Sunday, 1 July 2012

Does more safety mean less respect?

It has been said by Sir Stirling Moss that drivers in his day all held tremendous respect for each other.  They knew that a shunt could end with any drivers involved being injured or worse. 

Moss and Fangio give each other full respect while racing wheel to wheel at Monaco in 1955..

As safety in Formula One has improved over the years, it seems the level of respect between drivers has deteriorated. 

Prost and Senna showed little respect for each other when they were ramming into each other to clinch the titles in 1989 and 1990. 

Prost collides with Senna to win the World Championship in 1989.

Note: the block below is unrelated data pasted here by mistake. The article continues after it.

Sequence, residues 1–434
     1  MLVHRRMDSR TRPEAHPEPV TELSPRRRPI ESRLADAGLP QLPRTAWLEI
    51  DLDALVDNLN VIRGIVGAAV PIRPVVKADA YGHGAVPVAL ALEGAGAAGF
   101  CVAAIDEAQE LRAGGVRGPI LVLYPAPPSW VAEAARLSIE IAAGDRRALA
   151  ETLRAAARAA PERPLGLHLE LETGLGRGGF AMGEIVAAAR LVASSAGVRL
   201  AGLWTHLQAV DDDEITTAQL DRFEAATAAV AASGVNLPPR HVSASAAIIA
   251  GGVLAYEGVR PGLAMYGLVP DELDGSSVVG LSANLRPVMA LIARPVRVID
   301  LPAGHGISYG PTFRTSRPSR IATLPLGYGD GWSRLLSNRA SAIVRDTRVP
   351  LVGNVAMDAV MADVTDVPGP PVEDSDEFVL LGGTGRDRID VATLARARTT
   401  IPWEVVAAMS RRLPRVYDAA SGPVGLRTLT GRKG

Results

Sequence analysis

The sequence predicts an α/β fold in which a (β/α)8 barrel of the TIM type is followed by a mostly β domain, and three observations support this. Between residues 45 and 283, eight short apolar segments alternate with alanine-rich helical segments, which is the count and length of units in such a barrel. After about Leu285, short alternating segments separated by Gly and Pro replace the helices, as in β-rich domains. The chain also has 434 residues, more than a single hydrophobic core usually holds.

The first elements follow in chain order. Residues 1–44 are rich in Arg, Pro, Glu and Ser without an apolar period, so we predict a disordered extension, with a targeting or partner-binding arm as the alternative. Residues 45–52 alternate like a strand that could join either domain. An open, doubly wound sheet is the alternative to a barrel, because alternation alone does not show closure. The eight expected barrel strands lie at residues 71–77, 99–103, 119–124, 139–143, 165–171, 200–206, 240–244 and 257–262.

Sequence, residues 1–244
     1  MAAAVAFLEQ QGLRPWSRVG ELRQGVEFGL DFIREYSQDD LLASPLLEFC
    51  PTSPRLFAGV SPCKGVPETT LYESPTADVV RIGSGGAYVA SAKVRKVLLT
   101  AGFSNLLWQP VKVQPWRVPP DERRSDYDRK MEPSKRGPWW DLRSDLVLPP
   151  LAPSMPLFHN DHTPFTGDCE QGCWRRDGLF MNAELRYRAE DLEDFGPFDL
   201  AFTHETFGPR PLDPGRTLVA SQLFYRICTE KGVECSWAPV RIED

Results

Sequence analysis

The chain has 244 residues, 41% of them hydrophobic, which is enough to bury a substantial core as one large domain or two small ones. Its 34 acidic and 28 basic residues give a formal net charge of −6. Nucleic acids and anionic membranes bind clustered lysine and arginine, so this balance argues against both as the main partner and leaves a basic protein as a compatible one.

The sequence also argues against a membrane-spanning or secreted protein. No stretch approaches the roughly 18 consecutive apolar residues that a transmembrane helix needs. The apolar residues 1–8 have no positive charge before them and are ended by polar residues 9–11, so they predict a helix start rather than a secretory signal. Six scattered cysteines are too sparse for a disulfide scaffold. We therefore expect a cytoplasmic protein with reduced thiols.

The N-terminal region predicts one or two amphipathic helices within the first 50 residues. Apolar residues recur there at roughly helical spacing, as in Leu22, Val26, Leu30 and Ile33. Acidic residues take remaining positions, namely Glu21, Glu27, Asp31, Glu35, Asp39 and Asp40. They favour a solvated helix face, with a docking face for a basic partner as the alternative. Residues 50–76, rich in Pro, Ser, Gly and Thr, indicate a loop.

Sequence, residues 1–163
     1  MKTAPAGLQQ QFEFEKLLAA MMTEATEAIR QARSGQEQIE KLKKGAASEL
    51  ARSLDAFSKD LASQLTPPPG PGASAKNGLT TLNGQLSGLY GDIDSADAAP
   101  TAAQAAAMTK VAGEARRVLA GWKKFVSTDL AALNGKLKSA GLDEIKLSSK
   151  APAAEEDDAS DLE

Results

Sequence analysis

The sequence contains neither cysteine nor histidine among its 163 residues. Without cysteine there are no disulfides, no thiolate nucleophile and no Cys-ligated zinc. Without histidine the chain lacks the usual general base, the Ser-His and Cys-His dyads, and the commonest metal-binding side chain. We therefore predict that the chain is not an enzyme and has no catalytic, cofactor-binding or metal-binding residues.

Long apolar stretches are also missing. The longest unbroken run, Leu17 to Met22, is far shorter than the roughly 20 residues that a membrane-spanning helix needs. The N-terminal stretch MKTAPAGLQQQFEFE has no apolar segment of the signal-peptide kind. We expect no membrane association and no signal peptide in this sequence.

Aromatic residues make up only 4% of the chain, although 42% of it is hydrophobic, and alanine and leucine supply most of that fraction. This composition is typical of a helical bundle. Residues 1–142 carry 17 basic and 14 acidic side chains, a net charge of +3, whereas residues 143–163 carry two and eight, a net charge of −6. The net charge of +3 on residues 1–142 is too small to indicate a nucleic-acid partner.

Senna drove straight into Prost on the starting line to clinch title in 1990.

Only two drivers, Gilles Villeneuve and Riccardo Paletti, had died since 1978 so it could be that they were lulled into a false sense of security regarding safety.    Senna collided with many other drivers during his career and newer drivers such as Schumacher adopted this disrespectful approach. 

Now F1 is safer than ever before, and there seems to be less respect than ever before. 

Racing in the 1950's and 60's was built on a high regard for fellow drivers, providing thrilling wheel to wheel racing.  If there was more respect for each other in the present day, maybe it would give us exciting racing that without leading to a stewards discussion.

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